In avionics life, nine years is a long time. That’s how long Garmin’s G600 retrofit primary flight display has been on the market. While that’s long enough for a product to lose its tech edge, Garmin generally doesn’t let that happen.
Luckily, periodic software upgrades can give an otherwise aging product a new lease on life, although FAA certification can limit major changes without requiring a time-consuming and costly recertification process.
Still, Garmin has been taking some heat for the system’s inability to interface with the GDL88 ADS-B transceiver, the lack of georeferencing on Garmin’s FliteCharts, lack of Stormscope interface and some other missing features that buyers expect from a system in this price category, including a touchscreen interface. The latest GDU display version 7.0 software upgrade steps the system up several notches and finally brings it into the age of ADS-B, but doesn’t give it a touchscreen.
Perhaps the most important enhancement to the system is its compatibility with Garmin’s GDL88 ADS-B system, where traffic symbology is displayed on the MFD and on the PFD in units equipped with Garmin’s SVT synthetic vision option.
The new GDL88 interface also enables FIS-B ADS-B weather for overlay on the MFD.
When Garmin developed the GDL88, it also developed Target-Trend—an enhanced traffic symbology feature which was launched on its GTN-series touchscreen navigators. TargetTrend provides interactive onscreen velocity trend vectors in real time, depicting how ADS-B traffic targets are maneuvering with relation to the host aircraft.
We think TargetTrend offers better functionality on the GTN, which is enhanced by its touchscreen feature set. For example, since TargetTrend groups traffic targets together to declutter the screen, the user can easily ungroup them and show more details about a threat target by simply touching it on the screen. The non-touch G600/500 requires knob scrolling. Not a huge deal, but not as seamless as touch, in our opinion.
Garmin has also added TerminalTraffic, a feature that displays taxiing ADS-B-equipped aircraft and moving ground vehicles (while differentiating them using distinct colors and symbology) in the airport environment. This data is displayed on the airport surface chart.
Speaking of charting, a major enhancement in version 7.0 addresses the system’s mediocre mapping performance. If you’re accustomed to operating the system with the previous software, you’ll find much improved base maps. They have a more modern, vibrant appearance.
Garmin said the new mapping technology it incorporated in the new G600/500 comes from the GTN750/650 navigators. We found that map redraws and range changes are faster than in the previous software.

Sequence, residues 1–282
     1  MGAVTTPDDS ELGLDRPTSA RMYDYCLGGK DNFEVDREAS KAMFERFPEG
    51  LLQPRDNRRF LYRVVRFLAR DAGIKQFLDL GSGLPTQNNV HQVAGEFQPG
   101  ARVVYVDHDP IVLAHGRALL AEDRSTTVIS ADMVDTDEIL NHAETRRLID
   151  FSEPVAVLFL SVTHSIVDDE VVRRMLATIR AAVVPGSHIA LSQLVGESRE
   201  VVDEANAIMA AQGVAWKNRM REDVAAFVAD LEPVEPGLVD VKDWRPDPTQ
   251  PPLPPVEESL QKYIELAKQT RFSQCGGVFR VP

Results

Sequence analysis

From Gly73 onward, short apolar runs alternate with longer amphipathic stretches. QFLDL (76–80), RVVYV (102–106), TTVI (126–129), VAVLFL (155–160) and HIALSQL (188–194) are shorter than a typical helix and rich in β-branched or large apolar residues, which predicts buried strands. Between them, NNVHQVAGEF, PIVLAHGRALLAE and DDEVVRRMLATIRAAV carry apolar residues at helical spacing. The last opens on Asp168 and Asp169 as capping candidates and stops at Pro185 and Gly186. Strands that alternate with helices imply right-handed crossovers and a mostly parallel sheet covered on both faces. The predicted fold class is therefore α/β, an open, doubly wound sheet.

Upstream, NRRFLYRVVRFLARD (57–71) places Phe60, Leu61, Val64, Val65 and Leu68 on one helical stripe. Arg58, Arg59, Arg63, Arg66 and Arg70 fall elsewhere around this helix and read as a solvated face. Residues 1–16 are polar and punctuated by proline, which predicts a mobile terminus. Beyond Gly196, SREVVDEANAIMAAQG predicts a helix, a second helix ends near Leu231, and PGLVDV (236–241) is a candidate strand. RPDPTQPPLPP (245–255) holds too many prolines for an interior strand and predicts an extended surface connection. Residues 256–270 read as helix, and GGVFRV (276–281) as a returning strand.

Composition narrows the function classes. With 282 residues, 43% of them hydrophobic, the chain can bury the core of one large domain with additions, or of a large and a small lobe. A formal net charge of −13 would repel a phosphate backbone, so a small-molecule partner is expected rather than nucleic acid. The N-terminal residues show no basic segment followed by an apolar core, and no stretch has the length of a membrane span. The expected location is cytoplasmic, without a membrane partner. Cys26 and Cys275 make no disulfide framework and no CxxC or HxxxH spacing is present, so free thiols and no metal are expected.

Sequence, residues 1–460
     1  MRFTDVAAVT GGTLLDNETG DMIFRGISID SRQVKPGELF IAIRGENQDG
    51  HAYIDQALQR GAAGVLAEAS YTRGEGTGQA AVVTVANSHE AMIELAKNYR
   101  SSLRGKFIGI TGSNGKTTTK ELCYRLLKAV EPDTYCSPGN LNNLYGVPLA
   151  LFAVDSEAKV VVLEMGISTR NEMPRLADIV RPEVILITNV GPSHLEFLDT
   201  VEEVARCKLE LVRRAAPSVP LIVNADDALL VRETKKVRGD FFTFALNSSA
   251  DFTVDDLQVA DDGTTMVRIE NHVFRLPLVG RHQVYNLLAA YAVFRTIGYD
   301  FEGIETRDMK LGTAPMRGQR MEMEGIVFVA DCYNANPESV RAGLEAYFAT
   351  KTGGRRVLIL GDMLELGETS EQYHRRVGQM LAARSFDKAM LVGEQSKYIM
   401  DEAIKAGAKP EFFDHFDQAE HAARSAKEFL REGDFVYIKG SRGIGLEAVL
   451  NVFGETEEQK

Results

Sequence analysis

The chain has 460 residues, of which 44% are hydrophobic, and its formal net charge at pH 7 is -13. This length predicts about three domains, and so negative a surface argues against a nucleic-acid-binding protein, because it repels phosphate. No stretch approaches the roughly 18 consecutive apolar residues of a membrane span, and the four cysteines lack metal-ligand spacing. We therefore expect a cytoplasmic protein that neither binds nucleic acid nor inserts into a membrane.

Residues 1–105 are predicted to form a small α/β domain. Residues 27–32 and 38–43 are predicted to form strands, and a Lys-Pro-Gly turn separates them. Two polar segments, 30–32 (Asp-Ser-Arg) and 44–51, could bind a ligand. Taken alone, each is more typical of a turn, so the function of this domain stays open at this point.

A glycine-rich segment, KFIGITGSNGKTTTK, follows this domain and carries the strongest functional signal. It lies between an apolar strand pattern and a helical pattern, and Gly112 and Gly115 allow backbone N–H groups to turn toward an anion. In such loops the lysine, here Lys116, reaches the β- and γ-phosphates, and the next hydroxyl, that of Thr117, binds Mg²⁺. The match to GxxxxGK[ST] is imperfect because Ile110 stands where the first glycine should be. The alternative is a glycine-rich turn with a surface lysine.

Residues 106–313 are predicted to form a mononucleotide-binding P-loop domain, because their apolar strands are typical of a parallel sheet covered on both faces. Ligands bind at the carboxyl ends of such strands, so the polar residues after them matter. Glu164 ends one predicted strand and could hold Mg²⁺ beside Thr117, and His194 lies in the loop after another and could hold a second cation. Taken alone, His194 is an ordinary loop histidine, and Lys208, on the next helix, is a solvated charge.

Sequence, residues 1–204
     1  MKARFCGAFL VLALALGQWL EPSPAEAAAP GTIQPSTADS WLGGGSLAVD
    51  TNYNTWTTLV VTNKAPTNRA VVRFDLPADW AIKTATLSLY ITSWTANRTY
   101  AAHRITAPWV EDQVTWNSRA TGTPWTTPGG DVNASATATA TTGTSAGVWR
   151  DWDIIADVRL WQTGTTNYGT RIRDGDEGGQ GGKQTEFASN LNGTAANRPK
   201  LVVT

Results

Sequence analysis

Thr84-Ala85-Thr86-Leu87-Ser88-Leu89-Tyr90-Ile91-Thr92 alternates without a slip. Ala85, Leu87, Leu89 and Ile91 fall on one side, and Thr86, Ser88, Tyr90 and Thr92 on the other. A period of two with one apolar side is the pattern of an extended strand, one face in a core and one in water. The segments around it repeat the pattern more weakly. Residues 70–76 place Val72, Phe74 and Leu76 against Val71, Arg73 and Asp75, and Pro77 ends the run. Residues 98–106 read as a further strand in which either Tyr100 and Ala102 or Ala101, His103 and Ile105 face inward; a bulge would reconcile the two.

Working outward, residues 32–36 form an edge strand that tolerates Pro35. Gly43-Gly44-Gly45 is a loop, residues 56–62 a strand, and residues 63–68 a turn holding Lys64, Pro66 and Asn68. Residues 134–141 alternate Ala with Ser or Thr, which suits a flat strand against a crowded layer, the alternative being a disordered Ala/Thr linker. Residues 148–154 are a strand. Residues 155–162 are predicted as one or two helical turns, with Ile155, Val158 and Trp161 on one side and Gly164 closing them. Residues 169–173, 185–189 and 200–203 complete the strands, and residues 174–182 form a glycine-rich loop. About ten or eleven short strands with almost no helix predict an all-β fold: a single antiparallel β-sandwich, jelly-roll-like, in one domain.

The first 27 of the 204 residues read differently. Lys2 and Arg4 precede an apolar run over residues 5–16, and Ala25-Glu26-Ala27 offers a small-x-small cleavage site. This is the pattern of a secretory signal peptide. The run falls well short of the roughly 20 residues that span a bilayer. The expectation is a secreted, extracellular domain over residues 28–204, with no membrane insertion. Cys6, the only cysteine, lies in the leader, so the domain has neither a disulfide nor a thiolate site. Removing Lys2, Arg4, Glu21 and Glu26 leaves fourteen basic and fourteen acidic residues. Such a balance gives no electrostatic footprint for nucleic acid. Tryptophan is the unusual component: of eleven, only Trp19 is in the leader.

A nag we’ve always had with the G600/500 is the lack of georeferencing with Garmin’s NACO-based electronic FliteChart feature. Georeferencing is the overlay of ownship data on the charts. FliteChart is Garmin’s default charting product (it’s also standard in Garmin’s GPS696 portable GPS and in the Pilot tablet app) and comes preloaded in a new G600/500 without the need to buy an unlock key to enable the feature.
Previously, to get georeferenced charts you would have to purchase the $2395 Jeppesen ChartView feature unlock option, in addition to a Jeppesen charting subscription. An annual FliteChart subscription for North America is $499.
With the new mapping, Garmin added Smart Airspace, a feature found in the Pilot tablet app. The function automatically highlights the airspace nearest to the aircraft’s current altitude, while drawing less attention to irrelevant airspace.
Software 7.0 enables interface with a variety of external sensors, including the L3 Avionics WX500 remote Stormscope, Garmin’s GRA55 and GRA5500 radar altimeter, plus adds turbulence detection compatibility when displaying the GWX70 ship’s weather radar.
In addition to ADS-B weather products, the new software adds more weather products when connected to the GDL69 SiriusXM satellite receiver, including icing, turbulence, PIREPs and Canadian weather products.
If you’re confused about whether to buy the G600 or G500, part of the buying decision depends on the aircraft it’s going in.
While both systems have a variety of TSO approvals for use as primary flight instrumentation, in addition to a liberal AML-STC (approved model list), the G600’s higher level of software certification makes it a player in Class 3 aircraft. In general, these are larger piston and turbine models between 6000 and 12,500 pounds. Those larger aircraft generally require Level C software certification status, compared to Level B in smaller aircraft, as one example. Both the G600 and G500 have nearly identical installation processes and require either a GTN or GNS-series navigator for GPS position and nav signal input.
Moreover, both systems share the same dual 6.5-inch diagonal color screens housed in a single bezel. Fly with either system and it’s unlikely you would recognize a difference.
But pricing is another matter. Major functions which come standard on the G600 are optional on the G500. This includes the GAD43 autopilot gyro emulator, SVT synthetic vision software, out-of-the-box compatibility with Garmin weather radar systems, plus built-in, certified TAWS-B terrain alert functionality, which is only available in the G600.
The G600 has a starting price of $29,995, while the G500 starts at $15,995. The SVT synthetic vision—a popular option—adds another $5000. After installation, expect a buy-in that closes in on $30,000 for a lightly equipped G500. As a comparison, Aspen’s dual-screen, non-touch Evolution 2000 PFD/MFD system starts at $19,235, plus $3000 for synthetic vision, not counting installation.
Garmin’s version 7.0 field-installable software for existing G600/500 units is $575, not including labor, and $200 when you trade in the old software card. It’s standard on all new G600/500 systems.